Infinera, dominant?

May 23rd, 2008 by · 10 Comments

Another day, another win for Infinera?  Today Zayo Bandwidth became the latest in a long string of wins for the upstart DWDM vendor, Zayo has apparently already installed Infinera’s PICs to light fiber between Chicago, NYC, and Washington DC.  Now it should be noted that Zayo bought Citynet’s wholesale division which had already picked Infinera in 2005, so this new PR shouldn’t come as a huge shock.

Nevertheless a pattern has been developing ever since Infinera came on the market.  If the network is not an ILEC or PTT, then they almost always win.  To summarize their known customer list:

USA Europe/Asia
Level 3 Interoute
Global Crossing Reliance Globalcom (Flag)
XO Communications OVH
Qwest (via OnFiber) EWE TEL
Equinix Carphone Warehouse
Integra Telecom RETN
FPL Fibernet Bulgartel
Telekenex North China Grid
Cox Communications Academic
360Networks Internet2
Zayo BoreasNET
New Mexico

Any other optical startup in the last 10 years would kill for this much success in their first three years of selling gear.

But this has now set up an interesting dichotomy: the ILECs and PTTs are using substantially different gear to light their fiber than the next generation backbones are.  Gear with very different cost profiles and capabilities.  In my opinion, this situation is unstable and someone is going to be proven right over the next few years.

Based on what I have heard of their gear’s benefits in the field, I’m betting on Infinera.

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Categories: Internet Backbones · Metro fiber

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10 Comments So Far

  • George Fench says:

    Agree. Good job.

  • George Fench says:


    I agree with you. Infenera perhaps will win the battle eventually.

    They have a 3-5-year lead over its competitors. And they spend million to get their PIC products OSMINE certified by Telcordia to meet RBOCs requirements in OSS/BSS, but still no win so far.

    How do you compare the PIC with AccLu/Siemens’ gears, and explain why ROBCs still play the games even PIC has so apparent advantages over others. Perhaps waiting for a better price?


  • Frank Coluccio says:

    Yes, Infinera would certainly appear to be on the mover here, no dobut. Nice reporting, btw. In recent times I’ve thought about compiling such a list, myself, so thanks for the legwork.

    The wild card that I see is the still-to-be-decided modulation formats that carriers will ultimately choose.

    Using parallel optics (inversely multiplexing multiple wavelengths to achieve a higher rate at the end points) in lieu of solving the PMD issues of today would appear to favor Infinera’s approach. What if, on the other hand, a breakthrough occurs that enables sustainable and universally-interoperable RZ or NRZ formats over single- (or even dual-) wavelengths rated higher than 10 Gbps or even >100 Gbps?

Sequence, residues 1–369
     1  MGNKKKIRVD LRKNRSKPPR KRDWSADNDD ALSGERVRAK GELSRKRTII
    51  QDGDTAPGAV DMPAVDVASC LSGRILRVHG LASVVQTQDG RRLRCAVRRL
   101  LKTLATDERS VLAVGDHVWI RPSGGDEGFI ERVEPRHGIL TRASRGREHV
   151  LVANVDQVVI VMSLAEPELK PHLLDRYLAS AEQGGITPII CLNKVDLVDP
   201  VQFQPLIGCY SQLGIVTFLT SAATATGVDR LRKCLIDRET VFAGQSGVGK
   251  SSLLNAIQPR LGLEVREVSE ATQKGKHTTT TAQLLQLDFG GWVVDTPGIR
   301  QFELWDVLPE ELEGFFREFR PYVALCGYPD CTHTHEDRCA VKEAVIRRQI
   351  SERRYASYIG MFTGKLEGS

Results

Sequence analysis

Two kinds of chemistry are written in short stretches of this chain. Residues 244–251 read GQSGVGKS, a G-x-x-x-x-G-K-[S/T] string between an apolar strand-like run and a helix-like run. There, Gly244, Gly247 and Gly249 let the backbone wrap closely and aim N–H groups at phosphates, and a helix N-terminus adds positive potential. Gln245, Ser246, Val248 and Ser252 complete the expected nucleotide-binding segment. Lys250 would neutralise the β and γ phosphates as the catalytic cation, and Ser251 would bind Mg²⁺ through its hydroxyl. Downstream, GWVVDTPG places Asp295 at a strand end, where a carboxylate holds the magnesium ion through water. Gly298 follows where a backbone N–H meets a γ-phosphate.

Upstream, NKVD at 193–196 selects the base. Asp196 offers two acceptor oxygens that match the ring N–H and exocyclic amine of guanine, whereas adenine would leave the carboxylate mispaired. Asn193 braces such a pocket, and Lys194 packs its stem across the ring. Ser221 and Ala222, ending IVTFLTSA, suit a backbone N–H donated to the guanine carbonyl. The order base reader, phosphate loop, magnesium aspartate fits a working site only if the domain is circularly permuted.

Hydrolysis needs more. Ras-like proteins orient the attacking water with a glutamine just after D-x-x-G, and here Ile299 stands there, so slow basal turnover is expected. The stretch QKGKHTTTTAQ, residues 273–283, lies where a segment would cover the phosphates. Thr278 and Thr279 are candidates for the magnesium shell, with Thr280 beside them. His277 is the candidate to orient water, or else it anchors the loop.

Today’s hodge-podge of emerging modulation schemes almost beg for the neutralizing capabilities offered by Infinera’s optical-to-electrical reduction at multi-degree nodes. How long will this advantage last? I suppose that is at least one of the questions that needs answering. Thoughts?

  • Rob Powell says:

    One can never count out the impact of a breakthrough on any technology. But Infinera’s point seems to be that nobody will care how much you can stick on a wavelength if you can’t do it cheaper per bit pushed, and we should see any such technology coming well before it becomes cost effective. Then you just integrate it into a PIC…

  • tech101 says:

    Infinera wins key approval for Chinese market (INFN)

    Co announces that China’s Ministry of Industry and Information has issued a Network Access License to Infinera for the Infinera DTN. Obtaining this certification is an important requirement for the deployment of the Infinera DTN by China’s public sector and private sector telecommunications carriers.

  • tech101 says:

    Since INFN was up in a down quarter, obviously they’re gaining market share. According to Infonetics (June 4, 2008, )

    Infinera posted an 82% spike in worldwide ROADM equipment sales in 1Q08, allowing them to jump ahead of Nokia Siemens and Cisco to first place.

  • Frank A. Coluccio says:

    Some good points in this item from :

    Scaling to 40G and Beyond: The Risks and Rewards of Innovation
    David J. Dunphy of Telecom Strategy Partners | 06/02/2008

    This article was prompted by xchange Editor in Chief Paula Bernier’s recent Q&A with Infinera CEO Jagdeep Singh.

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